SYMPOSIA PAPER Published: 01 January 1984

Experimental Use of Dispersants for Spill Countermeasures on Arctic Beaches


Field experiments have been conducted on arctic beaches to assess the effectiveness of dispersants for the cleanup of stranded oil. The application of two commercially available chemical dispersants to aged and emulsified oil plots, in the intertidal zone on a semi-sheltered beach, resulted in a significant reduction of oil loadings immediately following the experiment as compared to loadings on adjacent intertidal control plots. The use of dispersants may, therefore, be of some value in mitigation of the potential adverse effects of oil immediately following stranding. In the semi-sheltered arctic environment in which the 1981 experiments were conducted (fetch up to 100 km; two-month open-water season), natural reworking of the oiled intertidal control plots over a 40-day period was effective in removing approximately 85 to 95% of the original oil loading. Further experiments in 1982 replicated the 1981 study in a more sheltered location, with a fetch area of less than 2 km, and indicate that the use of dispersants was not effective in this very low-energy environment. The conclusions drawn from this arctic experiment have a direct relevance to other coastal environments in lower latitudes.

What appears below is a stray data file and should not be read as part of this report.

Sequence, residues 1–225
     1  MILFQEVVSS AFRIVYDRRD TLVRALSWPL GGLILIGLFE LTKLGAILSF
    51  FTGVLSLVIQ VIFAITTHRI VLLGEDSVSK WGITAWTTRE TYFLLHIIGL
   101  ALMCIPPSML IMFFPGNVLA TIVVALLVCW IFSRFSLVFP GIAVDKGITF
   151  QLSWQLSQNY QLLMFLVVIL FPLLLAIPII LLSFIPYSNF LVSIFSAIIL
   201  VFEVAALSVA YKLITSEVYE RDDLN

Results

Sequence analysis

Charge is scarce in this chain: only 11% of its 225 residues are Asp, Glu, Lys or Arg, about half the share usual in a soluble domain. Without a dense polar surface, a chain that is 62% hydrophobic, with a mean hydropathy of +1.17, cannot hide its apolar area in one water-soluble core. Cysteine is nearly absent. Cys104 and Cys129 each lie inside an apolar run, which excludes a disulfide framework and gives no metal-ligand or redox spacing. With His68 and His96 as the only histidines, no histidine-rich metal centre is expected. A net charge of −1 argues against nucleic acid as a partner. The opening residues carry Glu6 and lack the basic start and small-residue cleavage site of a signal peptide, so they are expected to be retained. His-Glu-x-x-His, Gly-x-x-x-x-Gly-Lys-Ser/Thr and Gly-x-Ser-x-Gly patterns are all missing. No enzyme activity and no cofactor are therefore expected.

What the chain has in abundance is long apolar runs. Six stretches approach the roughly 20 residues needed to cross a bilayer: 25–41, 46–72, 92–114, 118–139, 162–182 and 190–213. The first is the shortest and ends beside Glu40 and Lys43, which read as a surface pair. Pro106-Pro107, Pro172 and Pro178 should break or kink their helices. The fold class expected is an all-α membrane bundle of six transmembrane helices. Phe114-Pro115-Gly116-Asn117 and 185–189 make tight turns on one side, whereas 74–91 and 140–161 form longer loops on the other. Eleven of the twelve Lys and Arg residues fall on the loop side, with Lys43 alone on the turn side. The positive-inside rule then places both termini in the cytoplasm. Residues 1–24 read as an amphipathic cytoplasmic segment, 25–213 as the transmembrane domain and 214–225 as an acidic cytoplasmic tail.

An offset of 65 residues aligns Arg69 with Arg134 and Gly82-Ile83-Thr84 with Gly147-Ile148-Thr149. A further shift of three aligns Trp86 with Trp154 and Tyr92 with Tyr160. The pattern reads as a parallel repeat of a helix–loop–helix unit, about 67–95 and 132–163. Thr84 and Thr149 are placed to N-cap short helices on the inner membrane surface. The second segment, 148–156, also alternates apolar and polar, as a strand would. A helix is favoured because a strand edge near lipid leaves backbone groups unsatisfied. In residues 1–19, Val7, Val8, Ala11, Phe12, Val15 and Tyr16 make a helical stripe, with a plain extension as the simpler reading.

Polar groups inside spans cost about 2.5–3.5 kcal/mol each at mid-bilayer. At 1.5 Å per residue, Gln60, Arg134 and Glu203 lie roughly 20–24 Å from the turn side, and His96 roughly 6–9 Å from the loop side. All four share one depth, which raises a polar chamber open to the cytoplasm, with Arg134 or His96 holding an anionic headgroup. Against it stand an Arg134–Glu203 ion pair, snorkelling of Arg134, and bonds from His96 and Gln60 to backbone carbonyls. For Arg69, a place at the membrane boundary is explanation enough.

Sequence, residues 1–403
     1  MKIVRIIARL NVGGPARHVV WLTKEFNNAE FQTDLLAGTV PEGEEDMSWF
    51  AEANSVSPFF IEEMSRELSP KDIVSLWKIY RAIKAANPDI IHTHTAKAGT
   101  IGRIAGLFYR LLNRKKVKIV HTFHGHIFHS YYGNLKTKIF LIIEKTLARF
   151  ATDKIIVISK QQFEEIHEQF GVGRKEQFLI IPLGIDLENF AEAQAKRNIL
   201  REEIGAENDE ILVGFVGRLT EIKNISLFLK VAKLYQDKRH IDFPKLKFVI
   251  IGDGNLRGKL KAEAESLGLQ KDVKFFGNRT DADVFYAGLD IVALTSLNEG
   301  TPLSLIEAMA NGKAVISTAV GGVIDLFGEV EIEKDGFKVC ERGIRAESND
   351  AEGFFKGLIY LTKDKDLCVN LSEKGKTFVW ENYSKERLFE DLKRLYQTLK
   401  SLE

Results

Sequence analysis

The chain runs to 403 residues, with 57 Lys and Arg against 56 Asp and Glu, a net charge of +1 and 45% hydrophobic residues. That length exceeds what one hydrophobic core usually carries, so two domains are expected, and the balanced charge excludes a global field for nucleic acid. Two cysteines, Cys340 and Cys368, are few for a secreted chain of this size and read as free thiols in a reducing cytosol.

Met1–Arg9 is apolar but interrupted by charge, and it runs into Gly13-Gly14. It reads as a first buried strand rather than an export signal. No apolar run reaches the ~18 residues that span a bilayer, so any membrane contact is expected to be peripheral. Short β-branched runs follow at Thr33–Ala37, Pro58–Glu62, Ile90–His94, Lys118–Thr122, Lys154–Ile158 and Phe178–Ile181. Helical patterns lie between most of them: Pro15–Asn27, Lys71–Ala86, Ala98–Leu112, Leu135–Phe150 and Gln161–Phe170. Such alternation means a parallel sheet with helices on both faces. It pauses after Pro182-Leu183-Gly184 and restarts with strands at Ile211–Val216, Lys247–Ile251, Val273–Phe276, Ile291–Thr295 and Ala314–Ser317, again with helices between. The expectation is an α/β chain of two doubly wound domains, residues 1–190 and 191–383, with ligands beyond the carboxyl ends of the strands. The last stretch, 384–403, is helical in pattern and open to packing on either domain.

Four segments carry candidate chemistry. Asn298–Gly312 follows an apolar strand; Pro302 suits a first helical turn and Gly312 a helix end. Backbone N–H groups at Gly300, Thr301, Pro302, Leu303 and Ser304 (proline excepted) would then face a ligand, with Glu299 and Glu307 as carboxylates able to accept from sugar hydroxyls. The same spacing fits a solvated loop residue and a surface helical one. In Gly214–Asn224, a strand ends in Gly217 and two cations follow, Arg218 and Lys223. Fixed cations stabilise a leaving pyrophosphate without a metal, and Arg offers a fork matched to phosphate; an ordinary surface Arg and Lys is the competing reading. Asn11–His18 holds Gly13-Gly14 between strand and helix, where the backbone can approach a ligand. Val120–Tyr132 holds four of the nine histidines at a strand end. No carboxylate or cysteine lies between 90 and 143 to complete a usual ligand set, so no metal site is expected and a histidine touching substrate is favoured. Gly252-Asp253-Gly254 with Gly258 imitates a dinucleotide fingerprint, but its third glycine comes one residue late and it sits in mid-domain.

Author Information

Owens, EH
Foget, CR
Robson, W
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Developed by Committee: F20
Pages: 324–337
DOI: 10.1520/STP30244S
ISBN-EB: 978-0-8031-4906-9
ISBN-13: 978-0-8031-0400-6